Several readers have asked me about what it takes to be a stock photographer, and not being a stock photographer (at least not a very good one), I had to honestly say, “I don’t know”! I wanted to find out though, partly to satisfy not only reader interest, but also my own interest, so I signed up to become a contributor at iStockphoto – one of the premiere stock photo agencies around. I also picked up a copy of “Taking Stock“, by Rob Sylvan to give it a read and prepare for my foray into stock photography. For regular readers, you may remember an interview I had with him a while back, and the contest giveaway where 3 lucky readers won a copy of the book.
So, for starters – I’d suggest that you educate yourself on how to shoot stock, which means reading resources like Rob’s book. You also need to practice, and be aware of trends in the market place. You also need to be prepared for something else, and that is rejection! Even the best photographers have images rejected from iStock. It’s going to happen, so get used to it. Images can be rejected for any one of a number of reasons. By far, one of the most common ones I’ve seen is worded as follows:
“This image appears to be over-filtered/over-processed which has affected the image quality. This may include Photoshop filters & effects (over-sharpening, excessive adjustments to levels, curves, contrast, hues, gaussian blurs, saturation, added textures, noise reduction…) or other manipulations.”
What can be frustrating about this is that you may have applied very minimal processing, and applied no filters whatsoever, but your images are still rejected. The reason? The next part of the rejection description:
“Inspectors judge images based on quality, composition and usability.”
The key is not to worry if this happens – it can happen to anyone, and images can be rejected for any of many reasons. Here’s a couple examples of photos I’ve had rejected from iStock during this test phase:
One thing I’ve always tried to do when assembling work for stock is to make sure there is negative space available. This allows buyers to have their text or content overlay on the image. Plus, it’s a pretty effective compositional technique – which I’ve talked about in the past…for more details, you can read that full article here.
Here are some other suggestions and approaches for shooting stock:
- Try and avoid brand names. If someone is wearing Nike shoes, a Champion sweatshirt, or other easily recognizable logos, forget it. First off, you can’t use them without permission, second, the clean-up work required in post degrades the image quality, and third, it’s just not worth the time to remove when you consider that stock is not just about the quality of photos, but to make any decent revenue, it’s also about quantity of photos!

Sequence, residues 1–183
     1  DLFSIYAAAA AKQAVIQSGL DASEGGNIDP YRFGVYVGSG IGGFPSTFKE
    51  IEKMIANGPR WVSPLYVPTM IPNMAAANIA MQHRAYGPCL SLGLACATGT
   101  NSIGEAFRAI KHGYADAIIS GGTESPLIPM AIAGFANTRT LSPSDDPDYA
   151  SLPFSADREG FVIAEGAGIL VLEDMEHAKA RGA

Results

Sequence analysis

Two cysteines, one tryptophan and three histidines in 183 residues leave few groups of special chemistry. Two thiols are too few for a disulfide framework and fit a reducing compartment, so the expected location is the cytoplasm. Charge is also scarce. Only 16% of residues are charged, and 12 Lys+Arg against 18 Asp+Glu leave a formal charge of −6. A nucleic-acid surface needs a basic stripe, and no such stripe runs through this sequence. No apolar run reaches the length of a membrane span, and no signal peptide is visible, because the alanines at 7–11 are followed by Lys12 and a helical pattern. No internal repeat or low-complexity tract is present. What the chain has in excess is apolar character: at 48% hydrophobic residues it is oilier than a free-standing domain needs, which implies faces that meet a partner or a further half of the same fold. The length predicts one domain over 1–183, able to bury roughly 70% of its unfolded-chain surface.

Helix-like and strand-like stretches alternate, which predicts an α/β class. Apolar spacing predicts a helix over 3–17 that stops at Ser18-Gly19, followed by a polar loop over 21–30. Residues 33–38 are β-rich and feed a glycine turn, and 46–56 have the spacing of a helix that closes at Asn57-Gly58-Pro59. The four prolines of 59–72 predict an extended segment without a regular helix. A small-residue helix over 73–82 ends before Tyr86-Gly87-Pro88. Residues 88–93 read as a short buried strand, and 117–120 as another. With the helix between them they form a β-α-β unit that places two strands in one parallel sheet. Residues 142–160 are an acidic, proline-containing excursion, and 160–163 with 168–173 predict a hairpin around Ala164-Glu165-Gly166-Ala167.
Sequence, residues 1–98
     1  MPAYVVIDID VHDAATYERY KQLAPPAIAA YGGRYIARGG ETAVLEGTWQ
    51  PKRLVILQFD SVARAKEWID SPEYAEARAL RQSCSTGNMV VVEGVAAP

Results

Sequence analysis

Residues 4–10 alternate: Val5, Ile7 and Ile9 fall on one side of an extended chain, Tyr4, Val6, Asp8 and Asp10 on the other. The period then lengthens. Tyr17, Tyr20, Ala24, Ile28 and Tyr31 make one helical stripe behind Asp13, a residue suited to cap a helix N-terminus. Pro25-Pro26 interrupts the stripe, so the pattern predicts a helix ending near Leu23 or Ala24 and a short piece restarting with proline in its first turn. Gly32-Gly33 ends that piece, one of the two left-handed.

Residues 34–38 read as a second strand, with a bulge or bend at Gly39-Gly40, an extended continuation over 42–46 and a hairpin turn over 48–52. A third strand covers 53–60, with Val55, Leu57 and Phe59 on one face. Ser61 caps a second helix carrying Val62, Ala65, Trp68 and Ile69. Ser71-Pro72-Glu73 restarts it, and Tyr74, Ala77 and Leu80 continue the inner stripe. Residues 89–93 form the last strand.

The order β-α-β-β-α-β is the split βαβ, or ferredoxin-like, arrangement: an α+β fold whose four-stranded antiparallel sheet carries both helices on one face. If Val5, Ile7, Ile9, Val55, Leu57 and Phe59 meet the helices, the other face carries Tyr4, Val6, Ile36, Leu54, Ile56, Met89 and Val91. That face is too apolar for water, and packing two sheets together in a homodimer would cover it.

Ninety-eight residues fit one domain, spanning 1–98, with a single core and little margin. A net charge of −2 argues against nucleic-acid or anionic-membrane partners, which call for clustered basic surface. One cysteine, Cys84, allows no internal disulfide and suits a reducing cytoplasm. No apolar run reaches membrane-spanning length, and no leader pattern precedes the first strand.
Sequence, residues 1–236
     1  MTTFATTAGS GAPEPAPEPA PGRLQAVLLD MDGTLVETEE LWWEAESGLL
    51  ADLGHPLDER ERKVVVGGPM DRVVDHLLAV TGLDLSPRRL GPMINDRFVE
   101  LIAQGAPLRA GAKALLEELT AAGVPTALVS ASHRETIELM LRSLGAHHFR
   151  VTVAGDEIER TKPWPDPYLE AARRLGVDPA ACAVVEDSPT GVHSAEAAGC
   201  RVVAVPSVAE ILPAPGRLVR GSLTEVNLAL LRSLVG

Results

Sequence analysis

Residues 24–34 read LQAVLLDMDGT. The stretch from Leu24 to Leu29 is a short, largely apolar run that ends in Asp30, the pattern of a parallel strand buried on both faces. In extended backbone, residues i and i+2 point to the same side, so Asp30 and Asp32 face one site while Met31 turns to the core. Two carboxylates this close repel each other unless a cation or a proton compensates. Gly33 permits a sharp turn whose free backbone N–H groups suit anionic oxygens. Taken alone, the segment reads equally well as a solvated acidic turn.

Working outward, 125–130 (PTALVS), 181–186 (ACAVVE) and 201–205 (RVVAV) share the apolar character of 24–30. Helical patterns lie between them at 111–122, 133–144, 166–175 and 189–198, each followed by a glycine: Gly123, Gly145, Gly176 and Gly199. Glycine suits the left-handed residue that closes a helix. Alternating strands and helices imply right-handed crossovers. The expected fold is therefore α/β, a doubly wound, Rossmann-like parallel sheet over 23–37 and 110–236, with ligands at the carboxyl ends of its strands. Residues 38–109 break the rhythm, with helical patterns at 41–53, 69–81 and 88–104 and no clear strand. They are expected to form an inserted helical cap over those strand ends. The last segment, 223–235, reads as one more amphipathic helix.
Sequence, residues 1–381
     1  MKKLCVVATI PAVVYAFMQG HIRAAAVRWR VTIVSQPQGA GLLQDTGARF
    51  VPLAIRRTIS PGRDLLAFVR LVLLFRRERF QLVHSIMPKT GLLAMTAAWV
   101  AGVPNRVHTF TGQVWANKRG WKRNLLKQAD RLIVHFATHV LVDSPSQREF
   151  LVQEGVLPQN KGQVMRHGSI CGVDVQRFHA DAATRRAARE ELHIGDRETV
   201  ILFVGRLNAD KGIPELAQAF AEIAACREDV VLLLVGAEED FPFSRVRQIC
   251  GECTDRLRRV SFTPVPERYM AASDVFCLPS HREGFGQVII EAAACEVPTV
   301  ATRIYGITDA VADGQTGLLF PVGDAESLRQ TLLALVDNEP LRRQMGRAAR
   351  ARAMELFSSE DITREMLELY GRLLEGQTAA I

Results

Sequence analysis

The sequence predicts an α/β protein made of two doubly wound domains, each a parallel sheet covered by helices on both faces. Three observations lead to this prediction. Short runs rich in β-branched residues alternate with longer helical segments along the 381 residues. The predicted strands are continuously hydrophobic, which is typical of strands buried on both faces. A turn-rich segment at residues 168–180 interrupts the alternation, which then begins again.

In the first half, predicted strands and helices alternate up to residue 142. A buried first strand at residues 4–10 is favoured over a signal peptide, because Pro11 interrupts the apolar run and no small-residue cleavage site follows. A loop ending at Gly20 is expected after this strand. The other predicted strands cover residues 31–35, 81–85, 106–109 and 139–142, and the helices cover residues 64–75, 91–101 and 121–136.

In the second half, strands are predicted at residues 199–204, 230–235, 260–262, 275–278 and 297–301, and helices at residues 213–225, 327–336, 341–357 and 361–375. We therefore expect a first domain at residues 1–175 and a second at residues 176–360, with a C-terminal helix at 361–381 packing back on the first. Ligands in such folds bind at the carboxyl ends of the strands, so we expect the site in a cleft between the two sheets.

- Incorporate people into your work. This doesn’t mean having someone put on a headset and pretend to be a customer service rep (because this has been done too much already). It does mean to be creative and use people to demonstrate things – like lifting weights, or singing into a microphone, or repairing a computer. These are the types that typically will do well in sales.
- Plan ahead. If you are thinking of shooting your Halloween themed photos now and getting them online for sales possibilities, then expect the purchases to start happening around August or September of next year. Buyers of stock work usually are working ahead of schedule to line up ad campaigns, and other uses well in advance, so you need to be publishing your work on their schedule, not in real time.
- Make sure you get model releases if people are recognizable in the images. Stock work requires it, and if you don’t have it – then forget even submitting. For more details on what model releases are appropriate and what should be included, visit this location where iStock gives you one to use!
That’s just a couple tips for how to get started in stock photography. For more information, go to the pros that already do it, and know the industry much better than I. As mentioned at the beginning – Rob Sylvan is a great resource as an iStock reviewer and author. Other people you may want to keep tabs on include Nicolesy (who I’ve talked to here on the podcast series!).
Got your own tips and ideas on how to shoot stock? I’d love to hear what others think too, so sound off in the comments. Happy shooting and we’ll see you back here again tomorrow!